I’ve had the fortunate opportunity of meeting and working with at least a dozen cooperative groups of cannabis farmers who have come together to share their knowledge, best practices, and tools. These dozens of cooperatives alone have the power, as yet unharnessed, to offer the market every single variety of cannabis imaginable—every flavor, color, and aroma, and every desired effect—at every level of quality and price. Together they represent hundreds of thousands of pounds of product ready for market, much of which currently goes the way of garden trimmings because they lack the bandwidth and operational efficiencies to keep up and compete.
But imagine if these dozens of cooperatives became hundreds of dozens of cooperatives. We’d be talking about tens of millions of pounds of carefully cultivated, high-grade cannabis that the entire nation could enjoy. We could do this in a manner that is standardized, transparent, and traceable, and we can see this industry evolve in the right way from day one. The terms of Proposition 64, though not perfect, include incentives to protect the existing medical marijuana community, keeping out large corporate operations for a period of five years. In that time, we can build the framework for a healthy, locally supported industry that will stand the test of time.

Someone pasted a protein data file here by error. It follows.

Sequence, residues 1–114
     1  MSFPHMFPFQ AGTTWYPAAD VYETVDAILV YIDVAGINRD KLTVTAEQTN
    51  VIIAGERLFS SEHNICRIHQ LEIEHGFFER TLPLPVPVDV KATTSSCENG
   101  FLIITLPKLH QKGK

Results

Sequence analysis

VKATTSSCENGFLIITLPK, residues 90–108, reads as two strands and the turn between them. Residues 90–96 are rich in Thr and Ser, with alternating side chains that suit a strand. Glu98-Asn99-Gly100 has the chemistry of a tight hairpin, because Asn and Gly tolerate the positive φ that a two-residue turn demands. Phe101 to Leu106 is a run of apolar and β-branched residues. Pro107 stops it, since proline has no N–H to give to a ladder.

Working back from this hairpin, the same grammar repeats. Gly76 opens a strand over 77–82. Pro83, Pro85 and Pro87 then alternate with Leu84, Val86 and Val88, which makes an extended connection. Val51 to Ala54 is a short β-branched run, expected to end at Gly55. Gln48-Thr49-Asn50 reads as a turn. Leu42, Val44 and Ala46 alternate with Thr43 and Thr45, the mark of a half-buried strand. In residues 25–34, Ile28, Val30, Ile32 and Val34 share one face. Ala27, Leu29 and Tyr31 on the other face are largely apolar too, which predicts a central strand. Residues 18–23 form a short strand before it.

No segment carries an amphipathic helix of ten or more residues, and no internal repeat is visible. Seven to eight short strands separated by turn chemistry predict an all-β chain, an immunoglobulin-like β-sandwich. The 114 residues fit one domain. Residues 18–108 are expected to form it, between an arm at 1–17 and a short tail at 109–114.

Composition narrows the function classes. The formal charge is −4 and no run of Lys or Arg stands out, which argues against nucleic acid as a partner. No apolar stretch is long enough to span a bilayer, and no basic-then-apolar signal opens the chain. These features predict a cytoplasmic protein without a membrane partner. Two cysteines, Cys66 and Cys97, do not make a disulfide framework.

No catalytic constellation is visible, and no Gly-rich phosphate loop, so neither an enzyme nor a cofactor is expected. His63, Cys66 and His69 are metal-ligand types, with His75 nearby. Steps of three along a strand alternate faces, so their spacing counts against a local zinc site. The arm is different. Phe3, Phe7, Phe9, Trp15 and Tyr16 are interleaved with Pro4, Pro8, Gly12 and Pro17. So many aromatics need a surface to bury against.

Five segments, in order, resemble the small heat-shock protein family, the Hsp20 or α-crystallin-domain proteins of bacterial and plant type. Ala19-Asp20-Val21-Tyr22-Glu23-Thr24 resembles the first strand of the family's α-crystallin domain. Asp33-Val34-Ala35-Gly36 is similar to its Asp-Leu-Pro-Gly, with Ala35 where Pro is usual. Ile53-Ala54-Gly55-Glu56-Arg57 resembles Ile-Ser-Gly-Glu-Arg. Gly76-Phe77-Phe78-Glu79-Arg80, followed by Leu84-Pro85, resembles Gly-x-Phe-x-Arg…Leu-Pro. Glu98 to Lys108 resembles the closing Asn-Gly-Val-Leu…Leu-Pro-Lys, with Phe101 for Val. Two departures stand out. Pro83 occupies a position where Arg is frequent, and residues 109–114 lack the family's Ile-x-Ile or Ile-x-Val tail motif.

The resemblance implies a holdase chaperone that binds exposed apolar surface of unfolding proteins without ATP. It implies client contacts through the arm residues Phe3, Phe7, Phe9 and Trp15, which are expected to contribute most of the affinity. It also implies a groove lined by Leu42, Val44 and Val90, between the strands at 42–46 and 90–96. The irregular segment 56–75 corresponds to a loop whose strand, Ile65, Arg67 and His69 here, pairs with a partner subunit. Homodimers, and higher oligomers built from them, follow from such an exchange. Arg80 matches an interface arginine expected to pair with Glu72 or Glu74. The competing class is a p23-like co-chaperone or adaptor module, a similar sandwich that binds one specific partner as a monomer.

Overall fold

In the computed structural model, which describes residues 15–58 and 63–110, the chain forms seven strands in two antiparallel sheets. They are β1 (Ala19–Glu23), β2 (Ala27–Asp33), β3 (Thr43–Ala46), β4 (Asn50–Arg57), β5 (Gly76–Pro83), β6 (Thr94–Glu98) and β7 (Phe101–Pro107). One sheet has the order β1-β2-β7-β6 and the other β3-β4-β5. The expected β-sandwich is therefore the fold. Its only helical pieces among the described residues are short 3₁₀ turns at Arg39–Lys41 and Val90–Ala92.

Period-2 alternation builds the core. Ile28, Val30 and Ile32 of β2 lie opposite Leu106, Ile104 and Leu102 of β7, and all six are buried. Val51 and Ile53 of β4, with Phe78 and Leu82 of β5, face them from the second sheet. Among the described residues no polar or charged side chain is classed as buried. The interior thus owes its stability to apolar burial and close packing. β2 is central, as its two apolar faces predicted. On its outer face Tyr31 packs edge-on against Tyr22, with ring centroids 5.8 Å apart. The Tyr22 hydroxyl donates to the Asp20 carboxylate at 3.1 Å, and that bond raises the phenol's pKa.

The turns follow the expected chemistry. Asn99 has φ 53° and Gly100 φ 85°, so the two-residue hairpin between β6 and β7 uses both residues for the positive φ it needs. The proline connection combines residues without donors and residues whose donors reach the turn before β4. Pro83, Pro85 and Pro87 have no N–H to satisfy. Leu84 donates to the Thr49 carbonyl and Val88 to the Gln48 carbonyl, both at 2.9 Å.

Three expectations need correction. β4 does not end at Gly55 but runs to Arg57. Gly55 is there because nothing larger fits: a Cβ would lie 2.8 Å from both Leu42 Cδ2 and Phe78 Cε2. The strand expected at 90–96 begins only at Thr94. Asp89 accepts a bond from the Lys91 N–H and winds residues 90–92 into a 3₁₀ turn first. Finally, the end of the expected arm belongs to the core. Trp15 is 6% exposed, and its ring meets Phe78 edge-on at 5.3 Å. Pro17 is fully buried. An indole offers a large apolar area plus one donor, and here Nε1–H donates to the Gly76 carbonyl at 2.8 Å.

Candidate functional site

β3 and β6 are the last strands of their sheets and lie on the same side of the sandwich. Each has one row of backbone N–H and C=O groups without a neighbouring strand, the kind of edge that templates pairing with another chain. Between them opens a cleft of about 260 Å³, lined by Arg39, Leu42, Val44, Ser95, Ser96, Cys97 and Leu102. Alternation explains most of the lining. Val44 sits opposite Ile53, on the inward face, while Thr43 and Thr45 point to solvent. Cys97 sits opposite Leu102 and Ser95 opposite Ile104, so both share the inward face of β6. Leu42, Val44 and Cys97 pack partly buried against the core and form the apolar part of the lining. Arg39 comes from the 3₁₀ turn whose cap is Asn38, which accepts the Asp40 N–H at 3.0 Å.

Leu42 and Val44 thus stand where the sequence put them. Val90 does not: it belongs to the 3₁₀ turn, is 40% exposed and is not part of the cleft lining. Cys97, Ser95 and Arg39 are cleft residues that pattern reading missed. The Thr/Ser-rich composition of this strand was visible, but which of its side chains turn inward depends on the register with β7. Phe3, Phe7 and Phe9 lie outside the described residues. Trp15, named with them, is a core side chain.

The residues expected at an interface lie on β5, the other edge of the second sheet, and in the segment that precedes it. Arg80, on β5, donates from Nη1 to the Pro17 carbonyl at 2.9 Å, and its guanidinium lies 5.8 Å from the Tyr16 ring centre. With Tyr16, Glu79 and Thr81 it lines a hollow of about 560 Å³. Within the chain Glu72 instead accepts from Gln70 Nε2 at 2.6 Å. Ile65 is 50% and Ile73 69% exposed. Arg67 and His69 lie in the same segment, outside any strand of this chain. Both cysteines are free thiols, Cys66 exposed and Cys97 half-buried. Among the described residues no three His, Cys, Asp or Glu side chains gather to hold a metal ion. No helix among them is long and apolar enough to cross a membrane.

Just as the coffee grower who cultivates his own beans utilizes a centralized drying, roasting, processing, and packaging facility so that, together with other craft coffee growers, he can leverage volume to have a voice on the larger stage, we can do the same with cannabis. The formation of co-ops would ensure the financial benefits that stem from consolidation—new access to bulk prices for soil, nutrients, and equipment would cut costs significantly—and farmers would at last be able to leverage size for negotiating power in bigger and better deals. Co-op farmers can educate and empower one another; share their seed stock and proprietary genetics to ensure ever-elevated quality and distinction in the marketplace; and help each other navigate confusing legal and accounting challenges by establishing centralized processes.
The future of cannabis is in the hands of these independent farmers and growers who must overcome their fears and work together in full transparency, as well as in the hands of California consumers who must treat cannabis as they do food and wine, with an appreciation for all things local, wholesome, and organic. If we can start collaborating in a meaningful way, we can foster a healthy cannabis ecosystem and safeguard the people’s right to clean, nontoxic cannabis for years to come. As California Lieutenant Governor Gavin Newsom is so fond of saying, “As California goes, so goes the nation.”